Oh no, here it comes again. We’ve barely had time to reflect on what we’ve learned in the past year, and already we’re being asked what we promise to do differently—come tomorrow. Yep, New Year’s Resolutions have been freaking me out for 40+ years, and for good reason. It’s one thing to consider what I want to accomplish, and it’s quite another to say it out loud. If I put myself out there, I’m committed. In that one swift act, I’ll have managed to set all my hopes and dreams in stone, so that what comes next really, really matters. As in if I don’t follow through, I pretty much suck at life.
And yet, now that I’m more than halfway to 100, I can’t help but look forward. That’s a minefield for many women, especially those of the Type AAA variety. Before you know it, you’re hopelessly obsessed with the future—what you’re gonna do and how fast you’re gonna do it—which launches you straight out of the present, which is like trying to walk on water. So I’ve got a real dilemma. While part of me can’t stomach controlling what’s to come, another part insists on it.
This year, I’m easing up on the pressure pedal. Rather than setting concrete goals I can fail at—like losing seven pounds or researching a book—I’m zooming out to view the bigger picture. I’ve decided to be less about what I want to achieve and more focused on what’s holding me back. They are the anti-resolutions, if you will. So, which obstacles are keeping me from being my best self—in mind, body and soul? What exactly do I need to stop doing already?
ANTI-RESOLUTIONS: My 3 Biggest Challenges and How I’ll Overcome Them
This year, I resolve to do the following:
1. STOP listening to that negative voice.
When I tackle a task, I go full on. Hand me some caffeine around dawn, and I’m in the zone where nothing can stop me. Except, that is, that tiny voice in my head whispering, Don’t waste your time. It’ll never work. Well, you know what? That voice is evil, and I’ve got its number. Yeah, yeah, I know. The inner voice is a remnant from childhood and it’s normal to second guess yourself in life. But I’ve decided this: Self-sabotage, particularly before you even get started on something new, is stupid. So this year, I’m calling out that voice so I can silence it once and for all. Sure, there’s always the possibility of failure. But so what? BONUS: No matter how productive you are, there’s always room for more.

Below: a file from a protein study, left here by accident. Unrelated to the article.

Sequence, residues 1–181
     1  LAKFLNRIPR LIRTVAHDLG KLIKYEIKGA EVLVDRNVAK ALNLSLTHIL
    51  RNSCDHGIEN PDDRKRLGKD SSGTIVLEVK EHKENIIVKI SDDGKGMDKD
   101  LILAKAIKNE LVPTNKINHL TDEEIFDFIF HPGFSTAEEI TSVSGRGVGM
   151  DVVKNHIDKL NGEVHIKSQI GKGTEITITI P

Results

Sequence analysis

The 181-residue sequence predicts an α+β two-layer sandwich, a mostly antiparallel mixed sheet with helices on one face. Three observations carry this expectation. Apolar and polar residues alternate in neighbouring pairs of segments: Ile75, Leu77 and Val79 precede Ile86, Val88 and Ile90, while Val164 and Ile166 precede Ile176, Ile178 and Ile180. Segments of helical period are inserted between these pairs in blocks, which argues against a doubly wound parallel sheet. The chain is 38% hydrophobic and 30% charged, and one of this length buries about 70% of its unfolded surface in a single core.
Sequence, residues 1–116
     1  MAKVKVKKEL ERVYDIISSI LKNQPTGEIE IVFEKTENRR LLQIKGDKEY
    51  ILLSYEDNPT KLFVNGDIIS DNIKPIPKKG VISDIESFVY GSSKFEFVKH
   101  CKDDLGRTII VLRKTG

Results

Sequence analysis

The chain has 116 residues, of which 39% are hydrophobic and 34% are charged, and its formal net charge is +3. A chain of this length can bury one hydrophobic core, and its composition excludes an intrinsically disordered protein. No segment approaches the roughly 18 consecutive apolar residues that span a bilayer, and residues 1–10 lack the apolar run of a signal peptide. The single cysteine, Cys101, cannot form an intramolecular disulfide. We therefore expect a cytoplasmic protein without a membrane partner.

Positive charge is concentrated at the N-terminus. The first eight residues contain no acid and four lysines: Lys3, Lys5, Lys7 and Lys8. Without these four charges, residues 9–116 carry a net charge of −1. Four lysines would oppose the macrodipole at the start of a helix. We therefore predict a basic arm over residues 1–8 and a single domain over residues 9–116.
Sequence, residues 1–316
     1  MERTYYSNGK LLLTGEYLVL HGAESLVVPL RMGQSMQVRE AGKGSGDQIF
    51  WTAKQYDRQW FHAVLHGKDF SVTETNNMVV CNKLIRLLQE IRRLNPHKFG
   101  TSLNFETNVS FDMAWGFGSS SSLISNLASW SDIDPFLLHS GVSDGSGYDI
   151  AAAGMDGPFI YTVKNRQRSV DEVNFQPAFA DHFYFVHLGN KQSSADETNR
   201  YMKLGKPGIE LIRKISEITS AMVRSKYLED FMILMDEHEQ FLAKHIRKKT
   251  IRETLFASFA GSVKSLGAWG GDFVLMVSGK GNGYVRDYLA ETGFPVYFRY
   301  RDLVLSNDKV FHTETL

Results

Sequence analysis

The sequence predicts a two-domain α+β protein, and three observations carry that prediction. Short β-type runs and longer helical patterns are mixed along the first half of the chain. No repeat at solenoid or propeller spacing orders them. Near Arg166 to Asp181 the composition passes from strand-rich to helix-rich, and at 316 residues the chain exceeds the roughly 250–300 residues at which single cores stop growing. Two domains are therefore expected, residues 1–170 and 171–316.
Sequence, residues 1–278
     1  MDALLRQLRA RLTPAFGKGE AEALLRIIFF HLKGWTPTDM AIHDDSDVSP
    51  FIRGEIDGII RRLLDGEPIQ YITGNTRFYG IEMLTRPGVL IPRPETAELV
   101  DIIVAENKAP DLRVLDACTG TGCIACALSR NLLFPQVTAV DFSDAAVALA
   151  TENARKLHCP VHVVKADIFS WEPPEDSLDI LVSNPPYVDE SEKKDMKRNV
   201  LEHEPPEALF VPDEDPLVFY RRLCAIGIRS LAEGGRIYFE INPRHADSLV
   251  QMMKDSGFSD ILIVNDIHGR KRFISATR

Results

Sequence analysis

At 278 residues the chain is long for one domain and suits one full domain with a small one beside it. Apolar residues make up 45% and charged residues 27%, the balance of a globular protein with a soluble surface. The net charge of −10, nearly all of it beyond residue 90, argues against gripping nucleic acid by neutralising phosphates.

WHAT I’VE LEARNED: I’m the only thing standing in my way.
MY PROMISE: THIS YEAR, I WILL TELL MYSELF THAT WHILE FAILING IS ALWAYS POSSIBLE, IT IS NO REASON TO DELAY THE DREAM.
2. STOP letting age be a problem.
I was warned, yes. But when it hits, POW. In case you’re not there yet, perimenopause is a force to be reckoned with. A few random wrinkles and a headful of silver roots were a joke compared this stage in life. Seriously, this condition is all kinds of wrong. It can turn even the sanest woman into a ragged, jagged version of herself. Well, no more demonic possession in this body, thanks. No matter how messed up I feel, I’m not letting hair or dryness appearing in the wrong places (yes, that), or mood swings or flashes at the wrong times (back the hell up, people!), or any of the rest of the war raging inside me, mess up my good time. We are women, hear us roar— quietly, in stride, in an air conditioned house in winter. BONUS: Everyone else around me will breathe a little cooler, too.
WHAT I’VE LEARNED: The physical stuff really is superficial.
MY PROMISE: THIS YEAR, I WILL DO EVERYTHING I CAN TO KEEP MY COOL EVEN IN THE FACE OF RAGING HORMONES.
3. STOP playing in the sandbox with buzzkills.
The older I get, the clearer it becomes: Some friends just don’t belong in my friendship circle. So I’m taking a cue from Sesame Street. If One of These Things is Not Like the Others—and whenever she’s around, I’m holding myself back from dropkicking anything within reach because hey, I’m too mature for that—it’s time for the old heave-ho. No more excuses, the least of which should be that I’ve been dumb enough to give her a free pass for a couple decades. It doesn’t have to be all dramatic, either. I can just let go and love from afar. If the relationship is all about her, or just gets more passive-aggressive, competitive, or generally high maintenance as time goes on, she’s O-U-T out. The litmus test? Being around her makes me feel lower. BONUS: Her spot will be open for those people I can never seem to find enough time for.
WHAT I’VE LEARNED: It’s perfectly OK to love someone from a distance.
MY PROMISE: THIS YEAR, I WILL GO DEEPER IN MY TIGHTER CIRCLE OF LOVE BECAUSE THAT’S WHAT IT’S ALL ABOUT.
SHARE: Got any anti-resolutions of your own? What do you want to stop doing this year?